I have never before witnessed such a disgrace in professional journalism. Myths replaced facts, and journalists abdicated their solemn duty to investigate every claim because they were seduced by a powerfully appealing but false narrative of racial injustice.

I should know. I live in Jena. My wife has taught at Jena High School for many years. And most important, I am probably the only reporter who has covered these events from the very beginning.

The reason the Jena cases have been propelled into the world spotlight is two-fold: First, because local officials did not speak publicly early on about the true events of the past year, the media simply formed their stories based on one-side's statements – the Jena 6. Second, the media were downright lazy in their efforts to find the truth. Often, they simply reported what they'd read on blogs, which expressed only one side of the issue.

The real story of Jena and the Jena 6 is quite different from what the national media presented. It's time to set the record straight.

I commented a month or so ago on this story and stated my opposition to passing judgment until the legal system had had a chance to do its work. This was not because I'm so intelligent, but because stories have a tendency to blow up like a live hand grenade. Particularly stories which seem to be such egregious breeches of justice as this one did.

Craig Franklin detonates a dozen of the most popular Jena 6 myths, including the idea of a "whites only" tree (no such thing), that the hung nooses were racially motivated (they weren't), that the nooses were a hate crime (they weren't), that the D.A. made threats to black students (he didn't), and that a party was only for white people (it was a private party).

Perhaps the worst part of the story is the way the MSM and those with racially-motivated agendas have glossed over the criminal records and backgrounds of some of the Jena 6 (for some, this was a first offense). Mychal Bell had four prior convictions for violence as Patterico has pointed out. But in its zeal to brand another Southern town as complicit in the worst sort of racism, the MSM never bothered to dig into the facts of the situation.

Those with an ax to grind have gotten lots of airplay with this story. From blogs to cable shows to radio, supporters of the Jena 6 have had numerous opportunities to give their view of facts. The Jena 6 have gained something close to cult status in some corners of the country.

Such glorification of unwarranted violence is disgraceful and sick. Regardless of racial tensions--and Jena doesn't seem to have had more than any other place in America--deliberately kicking and hurting a comatose person isn't a display of power; it's a stunning display of immorality and barbarity.

Happy Anniversary

Today is the one year anniversary of this blog. I have to say, when I started, I wasn't sure I would stay with it this long, but I've found blogging to be a terrific hobby.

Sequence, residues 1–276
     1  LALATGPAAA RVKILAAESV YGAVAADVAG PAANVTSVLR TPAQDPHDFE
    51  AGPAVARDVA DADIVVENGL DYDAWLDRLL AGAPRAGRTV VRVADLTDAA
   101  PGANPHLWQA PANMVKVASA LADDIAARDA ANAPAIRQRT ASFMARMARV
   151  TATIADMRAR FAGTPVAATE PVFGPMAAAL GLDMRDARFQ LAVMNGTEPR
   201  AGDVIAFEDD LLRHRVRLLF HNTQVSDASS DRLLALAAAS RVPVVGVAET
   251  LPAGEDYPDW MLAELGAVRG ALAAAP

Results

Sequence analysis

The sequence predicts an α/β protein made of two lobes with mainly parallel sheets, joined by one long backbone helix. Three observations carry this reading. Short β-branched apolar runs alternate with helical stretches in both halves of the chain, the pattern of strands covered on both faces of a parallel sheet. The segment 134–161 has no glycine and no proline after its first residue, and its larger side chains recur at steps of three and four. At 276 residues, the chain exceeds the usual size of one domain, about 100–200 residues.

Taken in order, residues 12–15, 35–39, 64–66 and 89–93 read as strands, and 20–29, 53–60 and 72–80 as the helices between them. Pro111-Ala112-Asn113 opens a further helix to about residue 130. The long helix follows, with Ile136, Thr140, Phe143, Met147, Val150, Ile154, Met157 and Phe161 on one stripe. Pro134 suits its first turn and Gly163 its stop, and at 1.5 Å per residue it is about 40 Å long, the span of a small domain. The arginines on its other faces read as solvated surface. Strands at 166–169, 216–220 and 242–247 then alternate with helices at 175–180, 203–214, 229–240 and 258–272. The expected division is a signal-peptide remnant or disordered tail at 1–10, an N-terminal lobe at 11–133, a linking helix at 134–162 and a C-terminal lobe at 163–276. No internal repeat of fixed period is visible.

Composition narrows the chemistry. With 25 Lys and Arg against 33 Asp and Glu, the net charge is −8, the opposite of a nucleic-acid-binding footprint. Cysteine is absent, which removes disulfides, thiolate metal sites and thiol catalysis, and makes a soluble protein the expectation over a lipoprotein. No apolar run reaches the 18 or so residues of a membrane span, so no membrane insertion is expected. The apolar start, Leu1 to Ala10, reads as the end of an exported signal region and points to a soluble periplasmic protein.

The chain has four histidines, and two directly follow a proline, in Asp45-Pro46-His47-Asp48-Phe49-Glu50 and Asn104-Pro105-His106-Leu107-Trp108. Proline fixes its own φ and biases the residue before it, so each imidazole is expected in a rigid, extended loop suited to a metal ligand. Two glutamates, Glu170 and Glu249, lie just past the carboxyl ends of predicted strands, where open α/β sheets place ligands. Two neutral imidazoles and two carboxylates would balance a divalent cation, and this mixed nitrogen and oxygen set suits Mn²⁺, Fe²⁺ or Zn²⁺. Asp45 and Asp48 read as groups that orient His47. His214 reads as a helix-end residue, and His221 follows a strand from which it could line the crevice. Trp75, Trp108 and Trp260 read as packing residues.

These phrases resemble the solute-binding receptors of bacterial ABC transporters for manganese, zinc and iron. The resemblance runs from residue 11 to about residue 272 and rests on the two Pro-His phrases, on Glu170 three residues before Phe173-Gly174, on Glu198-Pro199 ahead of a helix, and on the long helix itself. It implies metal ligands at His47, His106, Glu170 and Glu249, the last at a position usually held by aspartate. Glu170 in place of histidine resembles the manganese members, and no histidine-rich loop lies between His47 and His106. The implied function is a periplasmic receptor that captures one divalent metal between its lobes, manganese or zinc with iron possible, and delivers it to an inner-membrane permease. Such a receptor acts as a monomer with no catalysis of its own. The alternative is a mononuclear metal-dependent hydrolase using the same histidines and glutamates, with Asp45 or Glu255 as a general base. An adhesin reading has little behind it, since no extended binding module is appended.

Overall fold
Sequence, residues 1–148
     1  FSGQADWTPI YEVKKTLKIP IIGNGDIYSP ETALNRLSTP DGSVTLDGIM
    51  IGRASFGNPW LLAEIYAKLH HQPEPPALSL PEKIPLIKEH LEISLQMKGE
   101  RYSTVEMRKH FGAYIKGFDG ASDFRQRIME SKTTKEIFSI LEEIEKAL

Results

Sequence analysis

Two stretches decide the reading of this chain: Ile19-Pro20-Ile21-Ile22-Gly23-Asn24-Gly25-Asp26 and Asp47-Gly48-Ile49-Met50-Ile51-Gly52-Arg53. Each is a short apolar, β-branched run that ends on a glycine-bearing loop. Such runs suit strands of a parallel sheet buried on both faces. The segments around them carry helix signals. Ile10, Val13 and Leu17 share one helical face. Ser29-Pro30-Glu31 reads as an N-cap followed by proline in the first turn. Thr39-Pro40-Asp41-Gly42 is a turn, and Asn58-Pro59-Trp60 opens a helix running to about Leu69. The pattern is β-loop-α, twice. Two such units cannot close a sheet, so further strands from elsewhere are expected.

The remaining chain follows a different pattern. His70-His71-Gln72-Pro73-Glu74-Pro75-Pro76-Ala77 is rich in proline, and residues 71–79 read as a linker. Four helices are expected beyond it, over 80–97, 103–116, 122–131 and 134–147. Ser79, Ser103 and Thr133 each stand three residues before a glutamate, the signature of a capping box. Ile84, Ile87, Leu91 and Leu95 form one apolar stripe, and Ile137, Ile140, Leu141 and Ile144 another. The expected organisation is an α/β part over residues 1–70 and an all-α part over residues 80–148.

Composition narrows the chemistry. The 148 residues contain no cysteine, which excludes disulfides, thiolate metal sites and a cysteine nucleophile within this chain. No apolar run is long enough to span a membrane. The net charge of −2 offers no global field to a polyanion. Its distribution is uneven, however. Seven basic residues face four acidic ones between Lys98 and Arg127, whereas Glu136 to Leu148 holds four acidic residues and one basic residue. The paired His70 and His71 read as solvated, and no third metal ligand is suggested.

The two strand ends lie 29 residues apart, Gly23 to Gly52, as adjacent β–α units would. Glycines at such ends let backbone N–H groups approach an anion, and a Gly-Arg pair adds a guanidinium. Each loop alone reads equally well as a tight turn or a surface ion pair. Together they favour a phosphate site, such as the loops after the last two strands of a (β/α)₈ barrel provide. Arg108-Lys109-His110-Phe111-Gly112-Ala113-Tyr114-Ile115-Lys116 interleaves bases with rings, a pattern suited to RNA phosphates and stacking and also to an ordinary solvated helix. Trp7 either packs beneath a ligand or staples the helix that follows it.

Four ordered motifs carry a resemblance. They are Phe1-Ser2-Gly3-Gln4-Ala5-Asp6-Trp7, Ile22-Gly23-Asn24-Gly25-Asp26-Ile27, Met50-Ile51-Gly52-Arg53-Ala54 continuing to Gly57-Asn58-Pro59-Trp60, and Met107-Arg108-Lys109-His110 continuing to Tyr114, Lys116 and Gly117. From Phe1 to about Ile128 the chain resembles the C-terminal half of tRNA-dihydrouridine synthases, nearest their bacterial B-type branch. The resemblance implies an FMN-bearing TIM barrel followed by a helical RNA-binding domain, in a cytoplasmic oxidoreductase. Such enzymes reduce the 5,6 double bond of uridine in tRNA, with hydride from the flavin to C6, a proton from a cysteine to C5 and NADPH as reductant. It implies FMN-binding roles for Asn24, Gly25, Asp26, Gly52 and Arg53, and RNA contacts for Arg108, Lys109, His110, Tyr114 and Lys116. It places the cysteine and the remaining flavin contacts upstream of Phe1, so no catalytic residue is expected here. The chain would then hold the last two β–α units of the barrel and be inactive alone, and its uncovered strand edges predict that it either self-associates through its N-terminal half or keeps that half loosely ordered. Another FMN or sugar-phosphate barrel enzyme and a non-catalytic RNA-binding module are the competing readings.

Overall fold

Lots of blogs come and go, and I appreciate all the people who have read this one and continue to do so. I welcome any and all commenters, regardless of viewpoint, and enjoy a good debate when it presents itself. Please tell your friends and let's have even more conversations!

Recently, as many of you may have noticed, my postings have been sparser and shorter. This is because real life events have crowded out even my most cherished activities, including blogging. My father isn't in the best of health these days and I've had to deal with that. I've had to return to the world of work to supplement our household income, largely because of health care-related expenses.

Most recently, I've been locked in a legal battle with my ex-husband over my daughter. It has turned into a shockingly nightmarish situation; the sort no parent wants to find herself in.

I have always prided myself on the decisions I made on behalf of my daughter, particularly after the divorce. I tried to do all the things the court system, psychiatrists, therapists, child experts and others would tell you to do for your children after divorce. We even went so far as to move into the same subdivision as my ex-husband so that my daughter would have greater access to her father.

Unfortunately, for all my plans and work, life hasn't turned out the way I expected with regards to my daughter. Divorce is an ugly thing, and the worst part of it is what it does to children. Perhaps this is why I criticize divorce in our legal system and culture so much when I write. I've come to realize that no matter how much you try, children get broken during the divorce process and if your ex is determined to undermine you, he/she will.

I thought about all this yesterday while reading about the judge who castigated two parents for using the court system to attack each other.

A New York Family Court judge has issued an unusually blunt rebuke to two parents -- one a former doctor and the other a lawyer -- engaged in a "vitriolic and venomous" dispute over child custody and visitation.

"The parties fit the profile of that breed of litigant that the family court tends to encounter all too often; the career or habitual litigant," wrote Judge Conrad D. Singer of Nassau County. "The moving documents in this current proceeding alone dispense such vitriolic and venomous allegations as to make it clear that the parties, the parents, while each claiming to be the true protector of the children's best interests, simply appear to be using the Court as a vehicle to attack and demean one another."

Practitioners and observers say that Family Court proceedings often engender great emotion and sometimes no-holds-barred combat. Children are frequently caught in the middle.

"The adversary system doesn't fit well with the needs of children," said Andrew Schepard, who heads Hofstra Law School's child and family advocacy fellowship program and writes a column for the Law Journal. "Judges will ask each parent what role they see for the other parent in the kids' lives and often decide for the parent who is able to recognize that they can't shut the other person out."

For a legal practitioner, such cases can be extremely delicate to litigate, said Schepard.